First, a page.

Who belongs on Kickstarter? Is crowdfunding just for small producers, or is there room for stars like Zach Braff and their multimillion dollar campaigns? To figure that out, we have to ask why people like Braff might choose to crowdfund, and who wins and loses when they do.
Well, when reporters asked Willie Sutton why he robbed banks, he responded “because that’s where the money is.” Probably, the reasoning here is similar.
I’ve written previously about Kickstarter surpassing $100 million pledged to film, and it’s only growing. The amount of funding being crowdsourced has been rising exponentially since 2009, and will likely double to $6 billion this year. Kickstarter alone is on pace to triple.
Detractors point out that stars already have money available.
Take the Veronica Mars campaign. Rob Thomas and the rest of the folks behind the project seem perfect for Kickstarter; after all, they’re just a small group of people with a vision. But does Warner Bros., Inc. belong there? Well, it owns the rights, and will be handling distribution of the movie. According to Thomas, Warner Bros. wanted to use the Kickstarter campaign to gauge interest before committing. As producer Bryan Fuller puts it, “this is a great opportunity, because they don’t have to lose money.”
Zach Braff, meanwhile, could afford to pay for his movie, Wish I Was Here, several times over out of his own pocket. That would be risky, sure, but there’s already a mechanism in place to mitigate risk: equity financing. Investors (often major studios), though, might take some creative control, exactly what Braff hoped to avoid. Crowdfunding means having his cake and eating it too — full creative control, zero risk.
They might not need the money, but it bears mentioning that Kickstarter is about democracy, and these projects exemplify that. The ‘crowd’ clearly wants to give it to them.
Further, saying the two are somehow hogging money that should be going to smaller players is a bit like saying that an immigrant took your job; first, it’s unlikely the job would have gone to you if he hadn’t taken it, and second, immigration can strengthen the economy and create other jobs. It’s not like anybody thought about contributing to another film but decided not to when they saw the page for Veronica Mars, and Kickstarter claimed a $400,000 bump (most of which went to other films) just from having it and Braff on the site. Many small players came out ahead.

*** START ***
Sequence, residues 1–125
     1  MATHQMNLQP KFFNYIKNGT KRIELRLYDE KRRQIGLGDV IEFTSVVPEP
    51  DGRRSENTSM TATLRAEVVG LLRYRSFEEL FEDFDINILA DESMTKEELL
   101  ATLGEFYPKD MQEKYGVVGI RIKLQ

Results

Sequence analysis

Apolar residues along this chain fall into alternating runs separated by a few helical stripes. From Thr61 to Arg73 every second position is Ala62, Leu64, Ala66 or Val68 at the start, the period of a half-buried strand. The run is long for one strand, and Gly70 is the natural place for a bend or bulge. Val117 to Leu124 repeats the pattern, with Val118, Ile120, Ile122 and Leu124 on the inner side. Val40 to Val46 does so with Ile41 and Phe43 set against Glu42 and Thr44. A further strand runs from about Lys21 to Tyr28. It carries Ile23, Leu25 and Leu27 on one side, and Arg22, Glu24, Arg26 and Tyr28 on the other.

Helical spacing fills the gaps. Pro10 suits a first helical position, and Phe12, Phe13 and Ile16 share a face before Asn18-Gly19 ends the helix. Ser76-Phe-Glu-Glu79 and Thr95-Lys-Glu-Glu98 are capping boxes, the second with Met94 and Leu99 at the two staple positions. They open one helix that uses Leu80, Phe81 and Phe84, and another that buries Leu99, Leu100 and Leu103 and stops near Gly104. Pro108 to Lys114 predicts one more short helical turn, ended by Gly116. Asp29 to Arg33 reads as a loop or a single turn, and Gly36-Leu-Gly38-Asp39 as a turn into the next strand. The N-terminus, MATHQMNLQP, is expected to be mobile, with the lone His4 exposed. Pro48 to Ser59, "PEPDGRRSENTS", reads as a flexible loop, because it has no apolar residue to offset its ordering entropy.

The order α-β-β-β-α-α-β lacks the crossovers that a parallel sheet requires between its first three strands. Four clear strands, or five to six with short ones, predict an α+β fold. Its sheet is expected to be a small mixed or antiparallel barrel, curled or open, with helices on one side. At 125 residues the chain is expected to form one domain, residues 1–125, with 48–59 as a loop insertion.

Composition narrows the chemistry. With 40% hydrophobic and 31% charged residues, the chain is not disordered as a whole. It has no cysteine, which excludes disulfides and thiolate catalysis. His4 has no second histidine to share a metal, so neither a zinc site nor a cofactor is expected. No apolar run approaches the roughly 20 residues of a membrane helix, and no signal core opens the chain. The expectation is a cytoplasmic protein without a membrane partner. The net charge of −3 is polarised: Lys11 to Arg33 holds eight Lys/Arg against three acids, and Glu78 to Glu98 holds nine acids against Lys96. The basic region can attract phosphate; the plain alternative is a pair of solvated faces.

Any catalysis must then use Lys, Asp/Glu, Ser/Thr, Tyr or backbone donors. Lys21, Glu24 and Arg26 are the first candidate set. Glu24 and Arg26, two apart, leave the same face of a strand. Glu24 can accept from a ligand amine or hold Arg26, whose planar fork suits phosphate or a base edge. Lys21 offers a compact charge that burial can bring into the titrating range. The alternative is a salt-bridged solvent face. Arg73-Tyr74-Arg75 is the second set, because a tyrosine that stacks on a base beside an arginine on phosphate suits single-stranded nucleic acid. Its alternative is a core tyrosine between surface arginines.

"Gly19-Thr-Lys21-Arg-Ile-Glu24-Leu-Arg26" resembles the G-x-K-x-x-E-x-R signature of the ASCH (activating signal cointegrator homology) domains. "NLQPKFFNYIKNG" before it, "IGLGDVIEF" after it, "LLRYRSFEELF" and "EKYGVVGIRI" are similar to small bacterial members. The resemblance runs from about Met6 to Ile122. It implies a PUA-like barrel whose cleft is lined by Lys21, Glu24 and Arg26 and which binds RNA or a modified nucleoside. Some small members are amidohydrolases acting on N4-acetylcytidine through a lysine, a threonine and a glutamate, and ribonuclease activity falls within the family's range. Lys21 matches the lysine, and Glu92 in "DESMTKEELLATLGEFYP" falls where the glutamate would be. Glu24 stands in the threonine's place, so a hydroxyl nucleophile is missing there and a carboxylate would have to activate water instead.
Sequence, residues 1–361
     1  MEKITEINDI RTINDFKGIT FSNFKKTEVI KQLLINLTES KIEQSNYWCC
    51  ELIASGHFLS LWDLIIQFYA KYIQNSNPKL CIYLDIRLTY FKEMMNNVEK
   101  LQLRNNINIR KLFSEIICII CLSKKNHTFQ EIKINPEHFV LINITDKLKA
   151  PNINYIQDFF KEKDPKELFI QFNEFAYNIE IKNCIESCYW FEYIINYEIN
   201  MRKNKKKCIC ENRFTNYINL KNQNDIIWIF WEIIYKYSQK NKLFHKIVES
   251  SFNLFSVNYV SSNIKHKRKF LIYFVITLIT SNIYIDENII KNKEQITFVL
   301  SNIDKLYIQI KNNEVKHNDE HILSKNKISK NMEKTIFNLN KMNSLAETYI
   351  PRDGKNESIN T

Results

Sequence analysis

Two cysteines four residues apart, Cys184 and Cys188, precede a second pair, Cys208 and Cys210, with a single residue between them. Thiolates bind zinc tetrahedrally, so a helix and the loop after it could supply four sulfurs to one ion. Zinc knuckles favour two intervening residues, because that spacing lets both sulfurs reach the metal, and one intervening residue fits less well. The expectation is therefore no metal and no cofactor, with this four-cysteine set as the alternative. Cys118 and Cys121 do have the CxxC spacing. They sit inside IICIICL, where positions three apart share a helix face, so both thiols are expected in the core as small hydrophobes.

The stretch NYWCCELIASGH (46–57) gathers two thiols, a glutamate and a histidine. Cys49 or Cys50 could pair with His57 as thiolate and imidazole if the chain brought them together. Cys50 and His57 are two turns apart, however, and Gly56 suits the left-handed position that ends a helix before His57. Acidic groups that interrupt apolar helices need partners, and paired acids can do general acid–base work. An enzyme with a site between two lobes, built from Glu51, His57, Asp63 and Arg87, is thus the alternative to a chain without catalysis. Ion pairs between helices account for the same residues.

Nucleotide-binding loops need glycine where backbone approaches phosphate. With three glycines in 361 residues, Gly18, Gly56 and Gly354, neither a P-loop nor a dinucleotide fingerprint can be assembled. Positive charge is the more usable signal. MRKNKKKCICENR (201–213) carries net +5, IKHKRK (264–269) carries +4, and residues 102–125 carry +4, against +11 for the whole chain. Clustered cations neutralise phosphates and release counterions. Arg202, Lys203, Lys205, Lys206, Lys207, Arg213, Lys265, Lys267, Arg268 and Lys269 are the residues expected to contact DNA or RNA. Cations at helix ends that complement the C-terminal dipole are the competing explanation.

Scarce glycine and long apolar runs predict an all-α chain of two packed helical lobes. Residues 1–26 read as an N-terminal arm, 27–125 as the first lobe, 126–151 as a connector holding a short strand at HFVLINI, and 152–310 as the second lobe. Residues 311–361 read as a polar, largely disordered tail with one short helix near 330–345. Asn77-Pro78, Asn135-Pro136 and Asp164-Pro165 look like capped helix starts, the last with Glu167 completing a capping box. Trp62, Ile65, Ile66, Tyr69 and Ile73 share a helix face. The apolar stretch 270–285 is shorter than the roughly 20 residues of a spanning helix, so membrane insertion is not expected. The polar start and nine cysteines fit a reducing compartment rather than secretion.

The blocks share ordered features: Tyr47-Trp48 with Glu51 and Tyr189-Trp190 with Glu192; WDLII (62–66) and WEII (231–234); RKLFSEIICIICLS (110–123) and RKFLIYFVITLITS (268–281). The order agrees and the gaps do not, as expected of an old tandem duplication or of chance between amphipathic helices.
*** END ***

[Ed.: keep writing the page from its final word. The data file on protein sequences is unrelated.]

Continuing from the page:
More than money, though, Crowdfunding is about getting people’s attention, so you can ask them for money.
This may seem like a purely semantic distinction, but it pays to think this way. Take filmmaker Dan Mirvish. When financing his film Between Us, he embedded his business plan on his Kickstarter page, taking the opportunity to communicate with potential investors. He ended up getting more from investors who saw the page than from backers. That money got him a top cast, which got him the money to finish the film. His award-winning film is fairly solid evidence that his ‘momentum’ theory works in practice.
Does Braff need help with publicity? Quite the opposite, his campaign actually helped Kickstarter (and by extension, other, smaller, projects) with theirs. In this case, Braff doesn’t ‘belong’ on Kickstarter, but only because he might be better served crowdfunding from his own site for free. The only one losing is Braff.
There is a case to be made that big names don’t ‘belong’ on Kickstarter. But what’s the harm? If Kickstarter tried to keep them out, it would only be holding back its own growth, and that would mean everybody loses.